Septic Emboli - Dr. Raper
When should I think about infective endocarditis and septic emboli?
-Consider in patients who raise your suspicion for sepsis and have any of these risk factors:
What exam findings are suggestive of IE?
-Some are more specific than others. Roth’s spots, Osler’s nodes, and Janeway lesions are relatively rare but are essentially illness defining. More sensitive but less specific findings include cardiac murmors, petechiae, splenomegaly, and splinter hemorrhages.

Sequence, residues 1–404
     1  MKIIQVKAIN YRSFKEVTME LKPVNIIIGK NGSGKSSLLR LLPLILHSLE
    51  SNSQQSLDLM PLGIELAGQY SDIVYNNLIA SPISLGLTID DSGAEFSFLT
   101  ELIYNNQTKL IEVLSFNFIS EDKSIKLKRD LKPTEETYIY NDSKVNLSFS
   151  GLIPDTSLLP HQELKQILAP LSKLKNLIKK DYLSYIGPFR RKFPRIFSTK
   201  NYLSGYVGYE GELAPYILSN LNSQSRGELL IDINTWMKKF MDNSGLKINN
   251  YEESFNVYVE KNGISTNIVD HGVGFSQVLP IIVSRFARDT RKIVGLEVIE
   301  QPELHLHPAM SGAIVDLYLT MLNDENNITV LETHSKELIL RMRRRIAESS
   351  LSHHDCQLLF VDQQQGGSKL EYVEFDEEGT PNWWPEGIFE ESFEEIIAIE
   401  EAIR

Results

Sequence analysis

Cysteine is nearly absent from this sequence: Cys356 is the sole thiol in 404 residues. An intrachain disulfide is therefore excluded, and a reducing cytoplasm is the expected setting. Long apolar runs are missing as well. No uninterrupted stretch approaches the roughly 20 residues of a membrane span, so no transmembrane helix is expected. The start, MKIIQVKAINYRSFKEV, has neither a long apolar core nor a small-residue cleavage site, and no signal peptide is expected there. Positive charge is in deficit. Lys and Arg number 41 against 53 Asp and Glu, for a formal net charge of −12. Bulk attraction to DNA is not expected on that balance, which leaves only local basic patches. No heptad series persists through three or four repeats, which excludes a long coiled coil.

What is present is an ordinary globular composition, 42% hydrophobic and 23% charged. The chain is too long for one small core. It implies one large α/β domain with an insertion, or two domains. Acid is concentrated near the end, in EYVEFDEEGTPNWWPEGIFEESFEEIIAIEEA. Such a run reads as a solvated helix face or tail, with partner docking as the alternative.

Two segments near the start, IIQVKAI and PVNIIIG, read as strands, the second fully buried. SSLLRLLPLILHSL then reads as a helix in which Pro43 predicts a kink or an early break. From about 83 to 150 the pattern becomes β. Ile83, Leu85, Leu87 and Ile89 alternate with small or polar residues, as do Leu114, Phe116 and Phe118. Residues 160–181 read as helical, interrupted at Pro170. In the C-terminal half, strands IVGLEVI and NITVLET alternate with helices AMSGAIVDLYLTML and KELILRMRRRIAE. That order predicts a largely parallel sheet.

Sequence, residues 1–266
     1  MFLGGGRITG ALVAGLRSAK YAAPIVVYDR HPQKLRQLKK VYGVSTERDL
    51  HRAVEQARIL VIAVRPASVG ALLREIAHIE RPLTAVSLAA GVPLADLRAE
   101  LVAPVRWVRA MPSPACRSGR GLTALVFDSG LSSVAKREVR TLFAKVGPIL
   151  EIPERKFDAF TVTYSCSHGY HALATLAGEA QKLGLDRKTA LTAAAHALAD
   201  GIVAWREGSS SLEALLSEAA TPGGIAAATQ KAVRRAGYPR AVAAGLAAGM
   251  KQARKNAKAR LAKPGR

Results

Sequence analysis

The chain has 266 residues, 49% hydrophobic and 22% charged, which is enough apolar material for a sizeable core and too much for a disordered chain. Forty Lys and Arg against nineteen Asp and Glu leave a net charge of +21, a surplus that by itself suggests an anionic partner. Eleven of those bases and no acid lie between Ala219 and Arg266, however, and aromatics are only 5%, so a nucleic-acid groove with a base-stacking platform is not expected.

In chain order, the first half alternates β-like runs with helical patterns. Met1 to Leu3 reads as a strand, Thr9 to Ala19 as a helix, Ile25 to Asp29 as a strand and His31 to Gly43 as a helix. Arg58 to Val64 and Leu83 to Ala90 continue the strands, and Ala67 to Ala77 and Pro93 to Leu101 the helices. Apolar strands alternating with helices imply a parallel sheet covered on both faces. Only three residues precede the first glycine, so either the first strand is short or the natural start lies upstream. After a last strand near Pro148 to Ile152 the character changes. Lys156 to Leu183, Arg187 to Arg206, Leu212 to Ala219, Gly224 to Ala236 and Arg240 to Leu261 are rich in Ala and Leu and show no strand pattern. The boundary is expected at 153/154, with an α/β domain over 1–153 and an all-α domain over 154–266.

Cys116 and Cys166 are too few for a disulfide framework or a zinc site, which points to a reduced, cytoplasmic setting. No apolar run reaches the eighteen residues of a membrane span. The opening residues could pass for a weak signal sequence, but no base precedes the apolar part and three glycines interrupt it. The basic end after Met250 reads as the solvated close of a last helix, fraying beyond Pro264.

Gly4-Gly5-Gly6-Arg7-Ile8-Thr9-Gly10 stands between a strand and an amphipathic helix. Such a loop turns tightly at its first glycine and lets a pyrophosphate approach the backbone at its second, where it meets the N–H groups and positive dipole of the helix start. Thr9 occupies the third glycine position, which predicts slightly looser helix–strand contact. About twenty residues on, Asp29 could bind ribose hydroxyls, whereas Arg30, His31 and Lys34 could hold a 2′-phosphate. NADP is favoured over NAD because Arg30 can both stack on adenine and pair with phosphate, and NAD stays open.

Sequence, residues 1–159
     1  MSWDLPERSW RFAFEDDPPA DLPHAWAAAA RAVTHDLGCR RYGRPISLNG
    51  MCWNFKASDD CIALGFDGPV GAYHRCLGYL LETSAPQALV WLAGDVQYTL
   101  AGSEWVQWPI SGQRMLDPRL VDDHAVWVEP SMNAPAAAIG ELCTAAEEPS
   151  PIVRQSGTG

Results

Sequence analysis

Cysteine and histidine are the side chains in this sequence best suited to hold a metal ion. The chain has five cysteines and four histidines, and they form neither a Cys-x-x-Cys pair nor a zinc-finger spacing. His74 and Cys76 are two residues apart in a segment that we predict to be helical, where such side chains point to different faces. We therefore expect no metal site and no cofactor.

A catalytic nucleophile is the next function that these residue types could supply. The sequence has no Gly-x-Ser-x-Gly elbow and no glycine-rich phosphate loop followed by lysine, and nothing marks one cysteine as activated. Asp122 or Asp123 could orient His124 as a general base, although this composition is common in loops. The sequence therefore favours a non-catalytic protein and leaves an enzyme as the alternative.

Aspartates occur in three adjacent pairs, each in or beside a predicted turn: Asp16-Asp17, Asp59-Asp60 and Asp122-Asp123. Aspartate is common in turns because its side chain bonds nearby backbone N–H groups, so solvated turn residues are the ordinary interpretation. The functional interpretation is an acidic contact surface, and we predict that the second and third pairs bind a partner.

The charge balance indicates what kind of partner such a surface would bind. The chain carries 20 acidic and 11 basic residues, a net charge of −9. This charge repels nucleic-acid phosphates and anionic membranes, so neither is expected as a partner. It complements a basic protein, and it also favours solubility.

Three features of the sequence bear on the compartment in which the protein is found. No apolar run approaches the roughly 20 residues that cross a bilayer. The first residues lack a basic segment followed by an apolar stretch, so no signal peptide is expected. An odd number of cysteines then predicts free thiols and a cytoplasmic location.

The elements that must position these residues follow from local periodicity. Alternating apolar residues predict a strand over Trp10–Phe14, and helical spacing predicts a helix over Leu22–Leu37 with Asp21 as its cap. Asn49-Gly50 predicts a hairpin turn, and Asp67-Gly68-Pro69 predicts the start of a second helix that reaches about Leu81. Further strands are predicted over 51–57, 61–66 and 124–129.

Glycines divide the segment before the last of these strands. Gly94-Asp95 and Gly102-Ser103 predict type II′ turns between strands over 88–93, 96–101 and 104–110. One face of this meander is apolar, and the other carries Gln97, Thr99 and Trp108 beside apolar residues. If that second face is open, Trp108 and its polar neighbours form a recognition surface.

Who gets septic emboli?
-Patients with large lesions, unstable/multiple lesions, and left sided lesions are most likely to embolize secondary to higher left sided pressure gradients.
Where do the emboli go, and what does that look like?
- Right sided lesions (without PFO) go to the lungs, and typically manifest clinically as:
-Left Sided lesions
Take Home Points